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Many may think a vegetable garden is typically filled with plain and boring plants, but that does not have to be the case. There are quite a few interesting vegetables and herbs you can grow in your vegetable garden that please the taste buds and also the eye. If you want to add some visual interest to your vegetable garden, try these ornamentals in your vegetable garden this year.
Planting ornamental mustards and kales in the landscape is a great way to garden in the cool season. Growers should take advantage of the increasing demand for these cool season items because they are inexpensive and quick to produce (typically four to six weeks from sowing).
The Giant Red mustard or Red Giant has been one of the most popular ornamental vegetables used by landscapers in the Southeast. This vigorous growing plant has white midribs with bronze foliage. The plant does well in protected areas away from winter winds. As temperatures rise in the spring, the fleshy leaves expand rapidly, making the plant attractive when mixed with spring pansies and bulbs. Red Giant grown in mass has a striking display, and when used as a specimen, this sprawling plant represents a focal point in the winter garden
Red Bor is a kale variety with extremely curled leaf margins. A tall growth habit and outstanding ability to proliferate in the cold makes it an excellent performer. It also “colors up” two to four weeks earlier than any of the curly ornamental kale cultivars.
Planted in a mass or used just as a specimen in the garden, the purplish-red foliage of Red Bor will provide any dormant shrub or perennial garden with vibrant color. Winterbor is similar to Red Bor in terms of foliage characteristics and cold tolerance, but has olive green leaves.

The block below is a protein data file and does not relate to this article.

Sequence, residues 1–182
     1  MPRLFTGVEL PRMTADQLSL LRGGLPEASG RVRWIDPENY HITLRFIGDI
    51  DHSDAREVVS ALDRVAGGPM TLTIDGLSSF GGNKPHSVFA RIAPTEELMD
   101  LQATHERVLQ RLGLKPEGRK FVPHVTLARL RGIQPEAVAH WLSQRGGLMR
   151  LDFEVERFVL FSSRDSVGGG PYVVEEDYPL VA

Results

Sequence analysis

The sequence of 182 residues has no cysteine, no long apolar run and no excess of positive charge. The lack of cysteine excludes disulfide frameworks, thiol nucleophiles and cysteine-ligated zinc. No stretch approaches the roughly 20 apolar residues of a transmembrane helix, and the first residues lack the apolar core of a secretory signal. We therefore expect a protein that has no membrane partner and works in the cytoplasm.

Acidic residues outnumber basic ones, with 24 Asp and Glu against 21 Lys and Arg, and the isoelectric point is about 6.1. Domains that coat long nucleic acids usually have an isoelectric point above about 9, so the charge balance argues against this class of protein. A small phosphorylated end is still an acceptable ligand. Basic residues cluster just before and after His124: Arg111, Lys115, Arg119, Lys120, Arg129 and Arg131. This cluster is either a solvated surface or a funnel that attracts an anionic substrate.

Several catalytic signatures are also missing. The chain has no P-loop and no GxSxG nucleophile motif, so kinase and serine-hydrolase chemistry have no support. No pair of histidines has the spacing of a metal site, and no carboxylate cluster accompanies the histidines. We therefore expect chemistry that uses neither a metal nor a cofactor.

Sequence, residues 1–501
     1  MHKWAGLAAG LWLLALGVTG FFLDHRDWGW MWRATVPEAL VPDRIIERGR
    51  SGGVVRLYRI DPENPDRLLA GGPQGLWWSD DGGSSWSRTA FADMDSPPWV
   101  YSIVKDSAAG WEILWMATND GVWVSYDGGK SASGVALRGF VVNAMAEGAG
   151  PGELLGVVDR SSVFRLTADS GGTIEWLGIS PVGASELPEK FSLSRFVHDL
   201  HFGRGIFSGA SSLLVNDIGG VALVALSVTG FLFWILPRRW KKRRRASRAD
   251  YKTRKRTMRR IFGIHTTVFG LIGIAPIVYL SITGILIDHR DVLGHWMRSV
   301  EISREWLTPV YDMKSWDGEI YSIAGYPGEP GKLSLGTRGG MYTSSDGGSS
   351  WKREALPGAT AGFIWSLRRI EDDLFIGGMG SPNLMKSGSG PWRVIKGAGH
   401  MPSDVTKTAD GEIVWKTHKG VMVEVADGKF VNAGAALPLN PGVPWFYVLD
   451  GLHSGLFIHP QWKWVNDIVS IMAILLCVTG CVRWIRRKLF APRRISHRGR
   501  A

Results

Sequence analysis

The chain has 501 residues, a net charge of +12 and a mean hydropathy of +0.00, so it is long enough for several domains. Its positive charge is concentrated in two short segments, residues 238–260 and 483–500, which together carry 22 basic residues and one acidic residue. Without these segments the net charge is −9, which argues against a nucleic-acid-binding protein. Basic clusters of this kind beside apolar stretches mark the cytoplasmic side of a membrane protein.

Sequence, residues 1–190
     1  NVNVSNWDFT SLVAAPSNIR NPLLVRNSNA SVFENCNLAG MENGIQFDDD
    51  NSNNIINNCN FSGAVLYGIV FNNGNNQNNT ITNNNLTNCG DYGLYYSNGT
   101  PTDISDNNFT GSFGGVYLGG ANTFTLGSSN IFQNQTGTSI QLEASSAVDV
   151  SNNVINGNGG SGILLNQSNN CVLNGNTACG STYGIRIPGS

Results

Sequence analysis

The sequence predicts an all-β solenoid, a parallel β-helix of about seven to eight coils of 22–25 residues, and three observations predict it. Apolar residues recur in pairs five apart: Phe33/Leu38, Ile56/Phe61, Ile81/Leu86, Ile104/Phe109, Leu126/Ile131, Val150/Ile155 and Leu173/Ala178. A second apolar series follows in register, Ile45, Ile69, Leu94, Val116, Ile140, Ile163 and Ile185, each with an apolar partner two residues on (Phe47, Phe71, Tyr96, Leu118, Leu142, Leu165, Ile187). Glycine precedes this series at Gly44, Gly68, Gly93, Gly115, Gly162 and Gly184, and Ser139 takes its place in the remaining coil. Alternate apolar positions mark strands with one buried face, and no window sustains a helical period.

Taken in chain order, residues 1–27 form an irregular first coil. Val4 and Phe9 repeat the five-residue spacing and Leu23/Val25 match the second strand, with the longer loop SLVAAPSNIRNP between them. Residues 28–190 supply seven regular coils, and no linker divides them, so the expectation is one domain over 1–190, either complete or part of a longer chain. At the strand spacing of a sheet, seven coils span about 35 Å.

Rhubarb is an ornamental vegetable that is usually prepared and eaten much like a fruit. All that and it’s perennial in many areas. Rhubarb is a cool season crop that is grown for its fibrous leaf stalks, which are a wonderful sweet-tart treat.
Rhubarb is a big, leafy plant, growing 2-3 feet wide and tall. Only the stalks are edible. The leaves themselves are toxic and are removed at harvesting.
Bright Lights Swiss chard is one of the most colorful vegetables you will find. This tasty veggie develops brilliantly colored stalks with green leafy tops. The colors range from red to orange, to yellow, to purple. One great advantage of Swiss chard is it’s easy to grow. Direct-sow seeds into the garden after the last frost and it will mature in about 60 days.
Purple and red cabbages can generally take a little longer to mature, but are worth the extra wait. Cabbage grows best by directly sowing the seeds in the garden in the fall or early spring. Purple cabbage matures in 45-55 days.
Kohlrabi may look like an alien species, but in fact, is a member of the cabbage family. In German, kohlrabi actually means “cabbage turnip.” Kohlrabi grows best in cooler temperatures, so sow seeds four to six weeks before the last frost date in spring and about 10 weeks before the first frost date in fall. The taste of kohlrabi is much like a mix between broccoli and turnips, and can be eaten raw, grated in salads or slaws, and can be cooked much like you would cook turnips.
Some herbs make for interesting additions to our gardens. Curly parsley is an excellent plant to use as a border for flowerbeds. It grows from 8 inches to around a foot tall and once it matures, it will make a relatively thick, lush mass of vegetation to clearly mark the edges of your beds. Bronze fennel, sometimes called smoky bronze fennel because of its “airy” foliage, is another showy herb. Its color ranges from bronze to purple. Like the traditional fennel, it has a wonderful licorice flavor and scent that adds another dimension to the food in which it is added.
While growing these plants from seed is certainly a good option, at this time of year transplants are your best bet for receiving optimum yield and beauty this fall. All of the aforementioned plants grow best in well-drained soil. The addition of organic matter is also helpful in allowing them to reach their full potential.
If space is an issue in your garden, these plants are also fit for containers, either alone or as part of a combination planting. I hope you’ll allow these plants to shine not only in your kitchen, but in your garden as well.